The worker

During the reign of Umar bin Abdul Aziz, an aunt of his wife came to visit him. At first she was not able to find the house as he was not residing in a palace. She asked around, and was directed to his house. When she went in she found her niece, a princess, grinding spices. A servant was standing at the other end of the house whitewashing a portion of the wall. But every now and then he would turn back to look at the princess.

The aunt was quite enraged at the sight. Approaching the princess, she started by berating Umar bin Abdul Aziz for keeping her in such a condition. Then she said, “first of all send this man away, he keeps turning back to look at you. His intentions are not good.”

The princess soothed her aunt and started asking her about the well being of her family members in Baghdad. But the aunt was impatient, “first, send that man away.”

“I can’t,” she said, “he is my husband, Umar bin Abdul Aziz.”


The dog and the slave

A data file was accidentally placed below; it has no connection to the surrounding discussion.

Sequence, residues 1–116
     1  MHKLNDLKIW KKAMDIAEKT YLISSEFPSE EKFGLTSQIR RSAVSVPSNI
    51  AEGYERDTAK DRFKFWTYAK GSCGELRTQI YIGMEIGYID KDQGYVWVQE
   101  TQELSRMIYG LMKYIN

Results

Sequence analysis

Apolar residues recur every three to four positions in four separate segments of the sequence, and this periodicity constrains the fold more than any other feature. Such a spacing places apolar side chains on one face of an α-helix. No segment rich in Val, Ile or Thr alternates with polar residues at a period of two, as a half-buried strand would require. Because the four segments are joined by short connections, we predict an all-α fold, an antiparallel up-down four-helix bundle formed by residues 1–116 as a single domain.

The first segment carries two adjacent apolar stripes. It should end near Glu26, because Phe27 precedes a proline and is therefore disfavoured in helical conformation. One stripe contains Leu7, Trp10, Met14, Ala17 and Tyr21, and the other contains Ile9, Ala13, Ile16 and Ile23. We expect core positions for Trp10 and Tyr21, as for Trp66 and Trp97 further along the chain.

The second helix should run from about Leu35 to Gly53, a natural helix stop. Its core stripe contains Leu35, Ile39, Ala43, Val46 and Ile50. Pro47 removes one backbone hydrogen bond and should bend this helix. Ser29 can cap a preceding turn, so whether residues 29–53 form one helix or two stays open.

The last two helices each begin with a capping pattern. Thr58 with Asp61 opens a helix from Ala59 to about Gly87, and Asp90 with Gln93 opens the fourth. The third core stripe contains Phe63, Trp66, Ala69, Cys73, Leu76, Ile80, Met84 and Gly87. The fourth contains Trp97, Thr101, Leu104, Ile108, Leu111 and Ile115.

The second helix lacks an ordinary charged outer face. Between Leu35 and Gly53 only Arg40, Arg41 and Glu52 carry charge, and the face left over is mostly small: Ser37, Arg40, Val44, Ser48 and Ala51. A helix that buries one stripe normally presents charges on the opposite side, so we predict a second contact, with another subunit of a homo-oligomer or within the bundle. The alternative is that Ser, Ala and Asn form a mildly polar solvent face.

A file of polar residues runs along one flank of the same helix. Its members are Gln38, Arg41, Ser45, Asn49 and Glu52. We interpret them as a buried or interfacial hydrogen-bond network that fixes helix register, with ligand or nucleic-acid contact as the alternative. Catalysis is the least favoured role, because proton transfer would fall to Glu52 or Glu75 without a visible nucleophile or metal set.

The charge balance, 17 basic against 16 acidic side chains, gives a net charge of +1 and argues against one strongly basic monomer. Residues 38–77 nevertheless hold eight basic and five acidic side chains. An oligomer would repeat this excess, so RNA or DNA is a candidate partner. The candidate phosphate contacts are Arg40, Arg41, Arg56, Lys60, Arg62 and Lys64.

A man from the nobility was passing by an orchard. He saw that the slave appointed to guard it was having his meal – sharing it with his dog. The man would put one morsel into his mouth and then put the other in the dog’s mouth.

The nobleman was very surprised. He approached the slave and asked him about himself. What was his name, to whom did the orchard belong, etc. then he asked ‘Why was he sharing his meal with the dog?’

‘It is not bearable for me to eat while a pair of live eyes watches me, and not share my food with it.”

Couldn’t the dog be fed something simpler? Asked the nobleman.

“The dog has been my companion through winter and summer, through night and day, I therefore prefer to give him the same food that I eat myself,” the slave replied.


The nobleman left the place praying for blessings on the slave

Neighbourly duties

A neighbour has many rights on his neighbour. The Prophet once said that Hazrat Jibreel the archangel used to so impress upon him the rights of neighbours that he though the next command would ask them to be made inheritors in a person’s wealth.